Prepare to be devastated. The new Broadway revival of Blackbird, the anguished and harrowing play by David Harrower that won London’s Olivier award in 2005 before opening to astonished and astounding reviews in its initial New York production two years later, is again ablaze with power at the Belasco Theater. Suffice it to say that in 80 mesmerizing minutes with no intermission, you will not see a darker, more polished, better directed or brilliantly acted play this year. It will knock you right out of your sensible shoes.
Jeff Daniels recreates the career-defining role he created in 2007—a tortured man named Ray, paunchy from years of nutritious neglect, unable to stand erect with pride or purpose, haunted by a sordid event from his past he has tried to put behind him without success. Ray, a beaten man in his mid-50s who has seen better days, has spent time in prison for pedophilia, which he insists was a mistaken debt for a love affair with a 12-year-old girl named Una whom he seduced when he was in his 40s. Rehabilitated and trying to survive, he now works in a dreary office building at a job he has no passion for. In fact, he hasn’t had much passion for anything since Una. Theirs, we soon learn, was not a case of sexual abuse but a full-fledged love affair oblivious to the social parameters of social acceptance and the law.
When Blackbird opens, Ray is forcefully dragging a woman by her tightly clenched arms into the cluttered snack bar and makeshift locker room of his antiseptic office building (a characterless set meticulously designed in the cold and sterile color of a filing cabinet by Scott Pask). This is Una, played with electrifying intensity by Michelle Williams. The first word she utters, mockingly but tremulous with anxiety and nervous tension, is “Shocked?” That’s putting it mildly. He hasn’t seen her for 15 years, but in the course of their feverish meeting he learns that the pain, ardor, tempestuousness and intoxication of the affair he struggled to forget is still very fertile and fluid. It’s shocking, all right, and throughout the play, the audience gasps.
He tries to throw her out—until he learns that his arrest, trial and imprisonment were nothing compared to the agony she has endured. He deserted her out of guilt, and she’s traced him through a magazine ad, determined to get even. He’s red-faced with indignation and panting with fear for what could happen next. For years, she wrote him letters filled with love and rage but never mailed them. Names have been changed. He’s been in a healthier relationship for seven years with an older woman, but he’s still plagued by memories that have never been resolved or blurred. She considers him the man who ruined her life psychologically and still bears the scars. But although society called it by an ugly criminal name, it wasn’t really pedophilia. What makes Blackbird controversial is the admission by both parties that what they had, and cannot redeem, was a full-out affair. They had codes to bypass her parents’ detection, they went away together to sensuous encounters in motel rooms, they were committed and incapable of logic—until he abandoned her like a coward in a roadside inn. Together again, they contemplate throwing caution aside, until history repeats itself in an ending so tragic it has to be seen to be described.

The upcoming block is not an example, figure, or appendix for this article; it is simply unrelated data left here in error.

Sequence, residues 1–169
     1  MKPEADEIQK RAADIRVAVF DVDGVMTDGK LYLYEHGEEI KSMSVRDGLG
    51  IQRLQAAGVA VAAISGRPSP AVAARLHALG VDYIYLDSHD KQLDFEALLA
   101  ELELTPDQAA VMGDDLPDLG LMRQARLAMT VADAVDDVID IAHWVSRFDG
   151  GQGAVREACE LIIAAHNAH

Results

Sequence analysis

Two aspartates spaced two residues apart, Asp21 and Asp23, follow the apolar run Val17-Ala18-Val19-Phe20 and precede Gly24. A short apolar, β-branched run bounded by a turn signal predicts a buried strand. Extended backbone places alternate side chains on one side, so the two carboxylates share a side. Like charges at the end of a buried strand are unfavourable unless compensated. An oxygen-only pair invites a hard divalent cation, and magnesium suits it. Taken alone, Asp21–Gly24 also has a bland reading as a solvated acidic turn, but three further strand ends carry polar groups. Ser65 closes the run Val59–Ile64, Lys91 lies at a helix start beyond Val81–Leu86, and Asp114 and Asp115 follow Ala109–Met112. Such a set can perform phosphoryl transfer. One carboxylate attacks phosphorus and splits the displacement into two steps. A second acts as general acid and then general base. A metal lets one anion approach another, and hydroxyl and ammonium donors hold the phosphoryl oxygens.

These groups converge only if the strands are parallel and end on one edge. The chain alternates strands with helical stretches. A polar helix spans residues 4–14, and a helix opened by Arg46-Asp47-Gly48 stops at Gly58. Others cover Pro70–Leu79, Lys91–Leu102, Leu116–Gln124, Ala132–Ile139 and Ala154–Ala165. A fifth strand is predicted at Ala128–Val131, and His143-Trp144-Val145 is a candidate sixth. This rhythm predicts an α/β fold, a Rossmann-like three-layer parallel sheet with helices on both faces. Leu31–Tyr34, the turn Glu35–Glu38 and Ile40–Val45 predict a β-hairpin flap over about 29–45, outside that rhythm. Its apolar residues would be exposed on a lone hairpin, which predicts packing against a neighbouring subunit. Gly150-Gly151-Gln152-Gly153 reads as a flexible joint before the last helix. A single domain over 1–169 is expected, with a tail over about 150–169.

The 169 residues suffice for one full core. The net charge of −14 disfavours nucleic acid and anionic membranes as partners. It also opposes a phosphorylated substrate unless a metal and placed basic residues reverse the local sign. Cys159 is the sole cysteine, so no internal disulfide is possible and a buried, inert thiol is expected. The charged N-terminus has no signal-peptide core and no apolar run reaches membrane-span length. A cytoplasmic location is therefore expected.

The title has no meaning beyond the author’s admission that while he was writing it he was listening to a jazz recording of “Bye Bye Blackbird” that influenced his mood swings. Never mind. Blackbird is a dazzling piece of writing—spare and brutal and frank, illumined by a pair of honest and penetrating performances that leave you drained. Cleanly and economically directed by Joe Mantello in a manner that utilizes every shadow of the play’s claustrophobic space, Blackbird is so purely concentrated that you cannot be bored or distracted for a New York microsecond.
This is as good as it gets, and the actors know it. Sturdy, restrained, racked with conflict, Jeff Daniels is perfect. But the experience is a titanic triumph for the elegant, sensual Michelle Williams. I didn’t think she could surpass her captivating, three-dimensional and heartbreaking performance as Marilyn Monroe in the unforgettable My Week with Marilyn, but as much as I have been captivated by her in everything she’s done, I was unprepared for her power and tenderness here. Acting with her mouth, her tears and legs that tremble with fervor, her body language reminded me of Julie Harris in I Am a Camera. In a fit of tension-relieving fury, she empties the garbage can and strews the contents all over the stage in a burst of fire more carnal and erotic than words. She should have won an Oscar for My Week with Marilyn, and she deserves a Tony for Blackbird.